As the ever-evolving Delta variant continues to spread around the globe, individuals are looking at what their options are in terms of the level of protection their mask provides them, outside of the everyday cloth mask. Most are searching for KN95/N95 masks, as their filters are certified to have an efficiency of at least 95%. But how efficient is the particular KN95/N95 mask you purchased?
What is the difference between a KN95 and N95 Mask?
The KN95 Mask is the imported equivalent to the N95 Mask, which meets the Chinese standard of 95% bacterial filtration efficiency (BFE) and the KF94, which meets the Korean standard of 94% filtration efficiency. And as the interest and demand for these masks grow, so do the number of counterfeit masks and poor-quality KN95 respirators on the Canadian market.
Fourteen Brands Tested
Fourteen (14) different KN95 and KN94 respirator brands from Amazon and big box stores were collected by CBC’s Marketplace (Canada’s Consumer Watchdog), and from each brand, three (3) masks were tested. Half of these masks failed, causing worry within the staff at the University of Toronto’s Dalla Lana School of Public Health, where these tests for the KN95/KN94 masks were conducted.
"As a consumer in Canada right now, you can't be confident of going to a reputable vendor, buying a pack of masks with a stamp that says KN95 or N95 or KF94, and have really any confidence that those masks meet that standard, and that's a huge worry from me as an academic, but also as a consumer," said James Scott, quoted from a CBC article. Scott is a professor of occupational and environmental health who oversaw the testing.
These tests bring to light the importance of choosing a trusted, reliable retailer when searching for and purchasing your personal protective equipment. It’s still possible to receive a poor-performing product from big-name, trusted brands. When you’re choosing a mask, you’re investing in your health and the health of those around you, and it’s important to stay informed. Evidently, it is still possible to receive a poor-performing product from a popular retailer, but you can rest assured that you're receiving high-quality, reliable products that meet Health Canada's standards when you purchase from us!
What does this mean and how much do the results matter?
This depends on your personal health, occupation and the level of protection you feel confident in. The masks that fell in the much lower percentile would offer the same level of protection as a cloth mask, which is something to keep in mind when considering how much we are spending on personal protective equipment. We want to ensure that we are purchasing from a trusted retailer and investing our money into masks that offer legitimate, optimal levels of protection that are enhancing all of our other efforts to stay safe.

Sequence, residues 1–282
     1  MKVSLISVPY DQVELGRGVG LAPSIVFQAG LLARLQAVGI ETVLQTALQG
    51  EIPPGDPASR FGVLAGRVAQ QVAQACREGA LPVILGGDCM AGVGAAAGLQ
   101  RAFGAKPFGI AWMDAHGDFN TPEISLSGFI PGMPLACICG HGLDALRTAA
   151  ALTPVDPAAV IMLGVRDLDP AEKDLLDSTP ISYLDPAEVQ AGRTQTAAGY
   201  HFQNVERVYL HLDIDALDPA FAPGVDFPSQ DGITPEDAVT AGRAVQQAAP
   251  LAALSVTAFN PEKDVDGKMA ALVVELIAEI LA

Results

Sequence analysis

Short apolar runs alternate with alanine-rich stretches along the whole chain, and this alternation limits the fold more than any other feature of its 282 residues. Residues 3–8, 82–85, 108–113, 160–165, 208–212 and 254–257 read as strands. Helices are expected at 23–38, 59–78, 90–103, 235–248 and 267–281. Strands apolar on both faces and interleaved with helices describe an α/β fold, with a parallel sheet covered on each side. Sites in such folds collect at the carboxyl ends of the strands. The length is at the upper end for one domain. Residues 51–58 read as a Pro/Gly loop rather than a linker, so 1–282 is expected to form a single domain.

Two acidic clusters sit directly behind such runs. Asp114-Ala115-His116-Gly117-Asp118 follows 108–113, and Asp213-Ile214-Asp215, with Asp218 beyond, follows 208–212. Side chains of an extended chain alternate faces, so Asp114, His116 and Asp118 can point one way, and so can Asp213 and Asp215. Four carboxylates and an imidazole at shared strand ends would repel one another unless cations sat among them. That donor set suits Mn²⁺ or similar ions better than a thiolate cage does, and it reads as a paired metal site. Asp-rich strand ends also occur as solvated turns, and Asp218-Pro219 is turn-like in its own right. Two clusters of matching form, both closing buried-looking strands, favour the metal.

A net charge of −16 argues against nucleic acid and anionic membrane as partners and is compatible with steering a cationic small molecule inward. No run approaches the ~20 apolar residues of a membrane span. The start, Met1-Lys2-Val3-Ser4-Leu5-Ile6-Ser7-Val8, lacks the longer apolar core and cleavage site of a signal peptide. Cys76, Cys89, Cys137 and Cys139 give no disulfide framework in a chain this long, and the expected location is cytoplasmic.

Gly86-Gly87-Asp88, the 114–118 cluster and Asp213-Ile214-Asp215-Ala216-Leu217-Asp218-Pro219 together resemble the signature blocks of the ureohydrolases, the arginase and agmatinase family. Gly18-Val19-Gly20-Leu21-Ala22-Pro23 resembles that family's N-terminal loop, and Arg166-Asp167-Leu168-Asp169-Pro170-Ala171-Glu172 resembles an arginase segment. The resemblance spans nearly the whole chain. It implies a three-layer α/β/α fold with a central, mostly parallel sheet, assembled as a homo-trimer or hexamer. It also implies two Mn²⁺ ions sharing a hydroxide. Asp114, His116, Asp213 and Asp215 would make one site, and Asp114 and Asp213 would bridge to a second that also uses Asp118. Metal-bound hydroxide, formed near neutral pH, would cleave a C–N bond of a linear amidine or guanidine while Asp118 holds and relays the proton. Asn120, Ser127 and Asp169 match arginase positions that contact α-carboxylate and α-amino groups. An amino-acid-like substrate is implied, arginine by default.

How can I avoid counterfeit or poor-quality masks?
1: Cut out untrusted resellers (Amazon sellers, unknown online brands, etc.)
Emergency room physician Dr. Jay Park of San Diego, Calif., advises purchasing from companies with a history in selling personal protective equipment.
It’s true that we (trusted retailers) have strong relationships with our reputable suppliers and are always on top of the latest forecasts in the personal protective equipment market. Here at PPE Supply Canada, we strive to exceed the expectations of our customers and their safety is our top priority. We are fluent in the world of PPE and continuously work hard to provide our clients with the best products on the market.
2: Avoid the FDA logo
Please note that authorized respirators are not allowed to use the FDA logo.
"The FDA logo is for the official use of the U.S. Food and Drug Administration (FDA) and not for use on private sector materials," the FDA website says.
3: Stay cautious of unmarked packaging with an unidentified manufacturer
The brand name, logo and company information as well as the manufacturer’s name and adress should be stated on the packaging somewhere.
"You don't want to buy something that is potentially a medical product and not know who the manufacturer is for you to be able to trace back and say OK, this is who made it and I can look up their registration or certification online," Park said.
4: Stay Informed via Trusted Sources (CDC, FDA, Health Canada)
Health Canada: Offers a list of list of authorized medical devices for uses related to COVID-19.
The FDA: Provides has a list of KN95s and other imported respirators that have been authorized for use
The Centers for Disease Control and Prevention: Has a list of Counterfeit Respirators/Misrepresentation of NIOSH-Approval.